When you were about to drown, they pulled you out, let you recover a bit and repeated the same procedure over and over. And they employed the feigned execution. It proceeded all the way to their firing on you - but the bullets were blanks. They also used Pentothal injections - considered the "truth drug." The injection leaves you totally unconscious, but before losing consciousness, there is a period in which you can be manipulated by the interrogator."

In these interrogations, what did they ask?: "Where are the weapons? The first thing they asked us was to name our companions and declare the weapons. Supposedly we were all armed to the teeth."

Were there doctors who advised the torturers in all this work?: "Clearly in applying "Pentothal" they had to be supervised by doctors. There were doctors who determined whether or not a subject could withstand the torture."

And where in the military precinct did all this occur?: "We always imagined that it took place in the gymnasium, but because we were blindfolded we couldn't see our surroundings."

Have you forgiven?: "That's a very personal thing. And I respect the opinions of others linked to cases of Human Rights. In my own mind, I think I have forgiven. What I keep finding in the streets, whenever I run into someone I know participated in torture, is that my only reaction is to face them. And that's a sign I've forgiven. I've understood that you can't live a sane life possessed by hatred. But that doesn't mean you forget."

Who made up the Court Martial in your case?: "It was composed of representatives from branches of the Armed Forces. But what struck me was that it was presided over by a minister of the Appeals Court of Temuco, Mario Olate Melo who arrived dressed in military uniform."

 Sometimes, in moments of reflection, Víctor Maturana remembers his time as a member of the police. Those images underlie the cold nights in the cells, where he shared the pain of dozens of others, some of whom he would never see again - such as Jaime Eltit, Omar Venturelli, Luis Almonacid, to mention only a few.





Lawyer Rodrigo Luciano Lillo brought criminal charges against army uniformed officers and police for various crimes, among them torture and homicide on behalf of the families of those who, after September 11th, 1973, were executed by military personnel. The executed had been accused by authorities of attempting to blow up a gunpowder magazine in the Tucapel Regiment of Temuco. This case was one of the most emblematic in the context of the prosecution of human rights in that region.

The indictment indicates in one of its parts that "The official version of the facts was given through a Proclamation of the Intendant of Cautín and was published in the "Diario Austral" of Temuco on the 11th, 12th, and 13th of November, 1973. According to this version, the victims died when they assaulted and tried to explode the gunpowder magazine of the Tucapel Regiment, and were executed by military personnel with their weapons of combat."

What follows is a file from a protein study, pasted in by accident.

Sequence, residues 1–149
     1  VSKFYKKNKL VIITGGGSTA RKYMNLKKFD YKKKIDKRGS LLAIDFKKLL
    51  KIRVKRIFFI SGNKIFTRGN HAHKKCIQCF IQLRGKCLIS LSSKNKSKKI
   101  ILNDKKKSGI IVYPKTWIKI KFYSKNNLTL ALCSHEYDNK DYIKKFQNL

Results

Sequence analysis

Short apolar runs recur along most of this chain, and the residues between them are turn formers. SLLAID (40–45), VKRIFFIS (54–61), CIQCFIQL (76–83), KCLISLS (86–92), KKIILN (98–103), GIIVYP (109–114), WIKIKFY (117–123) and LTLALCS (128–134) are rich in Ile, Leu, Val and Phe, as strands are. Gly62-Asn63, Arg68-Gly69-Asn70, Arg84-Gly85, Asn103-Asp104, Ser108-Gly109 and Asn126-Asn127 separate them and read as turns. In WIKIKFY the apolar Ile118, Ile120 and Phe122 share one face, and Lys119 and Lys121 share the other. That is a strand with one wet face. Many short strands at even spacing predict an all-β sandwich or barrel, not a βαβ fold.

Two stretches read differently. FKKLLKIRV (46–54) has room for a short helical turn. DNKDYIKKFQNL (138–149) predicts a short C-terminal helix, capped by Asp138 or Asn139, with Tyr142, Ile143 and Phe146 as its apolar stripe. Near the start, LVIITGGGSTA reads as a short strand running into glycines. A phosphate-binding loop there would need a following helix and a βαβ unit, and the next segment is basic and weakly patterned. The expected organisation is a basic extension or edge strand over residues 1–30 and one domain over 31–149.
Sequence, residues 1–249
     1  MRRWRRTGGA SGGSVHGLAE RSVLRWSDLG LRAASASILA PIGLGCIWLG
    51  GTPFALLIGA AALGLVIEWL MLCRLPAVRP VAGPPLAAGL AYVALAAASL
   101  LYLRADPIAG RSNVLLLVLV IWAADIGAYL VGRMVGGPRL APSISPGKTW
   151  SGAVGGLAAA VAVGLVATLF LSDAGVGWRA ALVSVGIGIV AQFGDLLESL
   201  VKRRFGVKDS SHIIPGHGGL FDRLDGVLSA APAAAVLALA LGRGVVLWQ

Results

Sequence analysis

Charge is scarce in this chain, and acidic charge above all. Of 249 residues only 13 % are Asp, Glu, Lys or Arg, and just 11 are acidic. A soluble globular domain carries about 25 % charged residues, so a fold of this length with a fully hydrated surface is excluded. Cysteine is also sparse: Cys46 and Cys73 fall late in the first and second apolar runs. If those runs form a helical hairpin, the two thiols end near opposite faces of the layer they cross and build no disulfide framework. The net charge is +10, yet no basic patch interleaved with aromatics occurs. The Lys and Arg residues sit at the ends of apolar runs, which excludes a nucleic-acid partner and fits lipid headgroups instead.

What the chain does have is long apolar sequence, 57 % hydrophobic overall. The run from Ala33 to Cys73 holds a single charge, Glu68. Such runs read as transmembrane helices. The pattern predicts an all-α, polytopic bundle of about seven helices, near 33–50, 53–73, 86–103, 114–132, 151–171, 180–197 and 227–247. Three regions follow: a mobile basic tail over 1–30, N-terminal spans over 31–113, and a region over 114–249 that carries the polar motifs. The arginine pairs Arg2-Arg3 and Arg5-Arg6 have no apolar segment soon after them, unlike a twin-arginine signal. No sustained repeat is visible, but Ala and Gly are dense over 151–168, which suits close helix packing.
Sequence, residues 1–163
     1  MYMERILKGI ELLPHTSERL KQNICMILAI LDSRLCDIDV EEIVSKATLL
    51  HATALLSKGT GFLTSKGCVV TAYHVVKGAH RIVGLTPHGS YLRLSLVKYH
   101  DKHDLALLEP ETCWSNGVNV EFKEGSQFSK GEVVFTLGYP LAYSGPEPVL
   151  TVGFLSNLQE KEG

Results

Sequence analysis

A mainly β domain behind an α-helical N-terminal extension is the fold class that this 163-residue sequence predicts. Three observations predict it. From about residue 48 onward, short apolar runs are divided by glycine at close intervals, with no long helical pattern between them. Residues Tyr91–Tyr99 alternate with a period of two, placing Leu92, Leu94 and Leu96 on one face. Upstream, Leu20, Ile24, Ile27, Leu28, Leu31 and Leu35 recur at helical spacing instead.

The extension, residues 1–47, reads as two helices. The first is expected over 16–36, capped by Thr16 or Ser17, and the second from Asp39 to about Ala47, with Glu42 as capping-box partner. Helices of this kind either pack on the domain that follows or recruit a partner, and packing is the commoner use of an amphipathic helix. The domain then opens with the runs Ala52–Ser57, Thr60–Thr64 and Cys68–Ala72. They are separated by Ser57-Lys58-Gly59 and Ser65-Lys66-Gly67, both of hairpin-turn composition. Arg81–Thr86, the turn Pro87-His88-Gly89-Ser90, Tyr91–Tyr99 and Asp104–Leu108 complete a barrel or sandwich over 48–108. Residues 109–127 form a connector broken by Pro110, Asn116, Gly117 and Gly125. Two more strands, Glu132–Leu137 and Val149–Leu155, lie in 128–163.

Following is the text of the suit presented before the extraordinary visiting minister, Fernando Carreño, the version of the association of lawyers for human rights,



 IN THE MAIN: deduce criminal charges for the indicated crimes. FIRST ADDENDUM: deny bail for slander. SECOND ADDENDUM: accompanying documents. THIRD ADDENDUM: investigations. FOURTH ADDENDUM: take into consideration. FIFTH ADDENDUM: power of attorney.


 RODRIGO LUCIANO LILLO VERA, C.I. 9.983.342-4, lawyer, residing at 696 Arturo

Prat street, office 415, commune and city of Temuco, at US. I., respectfully declares:

In this action, and representing SERGIO VALENZUELA VELÁSQUEZ, GASTÓN PATRICIO VALENZUELA VELÁSQUEZ, JAVIER ANIBAL CHAVEZ RIVAS, ECARNACIÓN ALARCÓN MUÑOZ, all listed individually in the attached warrant which I petition be taken as part of this presentation, I bring criminal charges against HERNÁN RAMIREZ RAMIREZ, army colonel, Intendant of the Province of  Cautín and Head of the Zone when in a state of emergency, JUAN FRITZ, police sergeant, LUIS COFRÉ, army major, NELSON UBILLA TOLEDO, army captain, MANUEL VÁSQUEZ CHAGNAU, army lieutenant, JAIME GARCÍA OVARRUBIAS, army lieutenant, RAIMUNDO CARCÍA CARRILLO, military, OMAR BURGOS LEYAN, police corporal, and an army sergeant MORENO, JUAN CARRILLO, army recruit, and against all those who bear responsibility whether as authors, accomplices or shelterers, for the crimes of illegal arrest, kidnapping, homicide, application of tortures, association for the purpose of committing genocide, sanctioned on the date of the facts in articles 391 No. 1, 292, 148 and 150 of the Penal Code, as related to article 3 of the Geneva Conventions of 1949; Article 4.2 of Protocol II, in addition to the cited agreements "On the Protection of Victims of non-International Armed Conflicts," as well as all the laws of the Republic in effect on the date that the acts against FLORENTINO ALBERTO MOLINA RUIZ, JUAN ANTONIO CHAVEZ RIVAS and VICTOR HUGO VALENZUELA VELÁSQUEZ were committed. Likewise, I bring charges for the crimes committed against JUAN CARLOS RUIZ MANCILLA, AMADOR FRANCISCO MONTERO MOSQUERA and PEDRO JUAN MARDONES JOFRÉ.